The Lord accomplishes deliverance for his people with a two-edged sword, a sword of iron and of grace. On the one hand, destruction comes on the enemy—the rod of iron. On the other hand, a spiritual awakening comes on the covenant people—grace.
12:10–14 This spiritual awakening is the consequence of God’s pouring out on his people the spirit of grace and supplications (12:10). This most likely refers to the Holy Spirit who dispenses grace and generates prayer. The Spirit awakens the sinner to look with understanding on Christ. The New Testament confirms that the one they had pierced and will mourn over as an expression of repentance was Jesus (John 19:37; Rev. 1:7). Significantly, the statement hints at the Trinitarian relationship. The Lord is speaking and says that they will “look upon me whom they pierced and mourn for him” (emphasis mine). Although grammatically inconsistent, it points to the truth of John 10:30 where Jesus said, “I and the Father are one.” This mourning is going to be extensive, including every segment of the nation (Zech 12:11–14). This appears to be a national conversion, perhaps pointing to Paul’s reference in Romans 11:26. But although the conversion is widespread, the repetition of “alone” (by itself) underscores the truth that salvation is always individual.
13:1–6 Chapter 13 describes a spiritual cleansing that rids the land of all pagan worship and then declares the Lord’s gathering of his remnant after the smiting of the Shepherd. The purging of sin (13:1) comes between a reference to the one who was pierced (12:10) and the Shepherd executed by God’s sword (13:7). The purging refers to the expiatory aspect of Christ’s atonement and reminds us that the cleansing fountain of Christ’s blood is the only means whereby sins are forgiven. So thorough will be this cleansing from sin (the meaning of expiation) that every thought of idolatry will be gone (13:2), and so pervasive will be true religion that every false prophet will disguise himself for fear of death (13:3–5; see Deut 13:1–5). One of them, however, had wounds exposed that raised suspicion, potentially giving him away as a false prophet (13:6). The Hebrew text refers literally to wounds “between the hands.” This is an idiom referring to the back or chest area, that body surface often the target of self-mutilation as a pagan means of invoking deity (see 1Kgs 18:28 where the prophets of Baal mutilated themselves). Although these wounds were undoubtedly the marks of his trade, he claimed that they were received in company with friends, attempting to cast off suspicion.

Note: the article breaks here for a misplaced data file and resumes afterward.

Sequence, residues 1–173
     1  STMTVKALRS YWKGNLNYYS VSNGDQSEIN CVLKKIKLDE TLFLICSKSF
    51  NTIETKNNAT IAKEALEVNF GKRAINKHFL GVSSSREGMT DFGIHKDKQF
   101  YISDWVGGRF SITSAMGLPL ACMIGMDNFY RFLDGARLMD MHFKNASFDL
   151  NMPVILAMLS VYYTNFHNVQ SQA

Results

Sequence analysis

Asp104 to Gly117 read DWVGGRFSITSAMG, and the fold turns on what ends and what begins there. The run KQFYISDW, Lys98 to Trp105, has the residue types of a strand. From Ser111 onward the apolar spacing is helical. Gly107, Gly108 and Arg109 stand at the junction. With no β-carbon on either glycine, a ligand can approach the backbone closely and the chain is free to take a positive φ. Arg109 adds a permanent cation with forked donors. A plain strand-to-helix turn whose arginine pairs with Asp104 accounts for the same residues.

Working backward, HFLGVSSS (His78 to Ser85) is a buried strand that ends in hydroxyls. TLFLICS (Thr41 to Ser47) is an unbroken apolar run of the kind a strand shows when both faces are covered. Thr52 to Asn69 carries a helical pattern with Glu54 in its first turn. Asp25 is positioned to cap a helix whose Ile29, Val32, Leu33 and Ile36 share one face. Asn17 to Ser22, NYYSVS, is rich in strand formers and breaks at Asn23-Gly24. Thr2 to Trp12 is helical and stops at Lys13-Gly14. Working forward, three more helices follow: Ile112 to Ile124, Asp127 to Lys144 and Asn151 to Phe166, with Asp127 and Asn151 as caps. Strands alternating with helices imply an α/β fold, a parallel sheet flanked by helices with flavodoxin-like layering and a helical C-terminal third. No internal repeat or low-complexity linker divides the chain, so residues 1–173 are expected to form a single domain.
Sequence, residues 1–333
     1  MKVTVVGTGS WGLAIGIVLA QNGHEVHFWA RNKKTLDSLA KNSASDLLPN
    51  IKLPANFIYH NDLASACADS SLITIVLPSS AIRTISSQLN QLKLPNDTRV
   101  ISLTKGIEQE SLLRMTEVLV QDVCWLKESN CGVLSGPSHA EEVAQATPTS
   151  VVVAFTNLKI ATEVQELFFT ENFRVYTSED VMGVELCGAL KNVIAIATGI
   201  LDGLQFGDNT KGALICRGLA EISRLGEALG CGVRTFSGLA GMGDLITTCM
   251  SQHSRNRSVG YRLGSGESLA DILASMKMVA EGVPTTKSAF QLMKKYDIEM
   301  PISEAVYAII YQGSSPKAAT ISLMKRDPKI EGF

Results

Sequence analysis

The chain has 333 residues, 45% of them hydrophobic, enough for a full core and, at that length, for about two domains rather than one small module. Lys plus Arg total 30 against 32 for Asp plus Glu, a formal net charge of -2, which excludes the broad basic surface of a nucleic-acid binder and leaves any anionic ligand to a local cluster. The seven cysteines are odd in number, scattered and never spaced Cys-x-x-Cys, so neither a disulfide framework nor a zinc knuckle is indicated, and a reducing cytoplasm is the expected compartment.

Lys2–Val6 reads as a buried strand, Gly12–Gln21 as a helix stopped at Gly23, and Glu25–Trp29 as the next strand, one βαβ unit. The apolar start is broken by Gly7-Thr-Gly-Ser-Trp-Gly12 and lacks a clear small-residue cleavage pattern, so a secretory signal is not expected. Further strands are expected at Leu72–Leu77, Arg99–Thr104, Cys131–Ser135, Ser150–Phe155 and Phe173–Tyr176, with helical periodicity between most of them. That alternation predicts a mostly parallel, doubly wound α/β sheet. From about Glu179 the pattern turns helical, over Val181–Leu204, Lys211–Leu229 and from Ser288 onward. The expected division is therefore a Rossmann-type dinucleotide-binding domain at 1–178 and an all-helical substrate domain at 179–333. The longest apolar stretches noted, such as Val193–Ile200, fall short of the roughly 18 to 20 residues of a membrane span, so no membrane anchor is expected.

13:7 Zechariah now transitions to the Shepherd who is the true Prophet. What makes this verse such a remarkable statement is the fact that the speaker is the Lord of hosts. The Lord first addresses the Messiah as “the shepherd.” The messianic significance of this title occurs as early as Genesis 49:24. The use of the title “Shepherd” was common in the ancient world. Based on the obvious pastoral imagery, the appellative was frequently employed even by pagan kings to designate their authoritative rule. The title refers to sovereign kingship and thus points to Christ’s being the mediatorial King. But there is an aspect of the Shepherd theology that avers the deity of the ideal Shepherd, which communicates something about his being the ideal Prophet as well.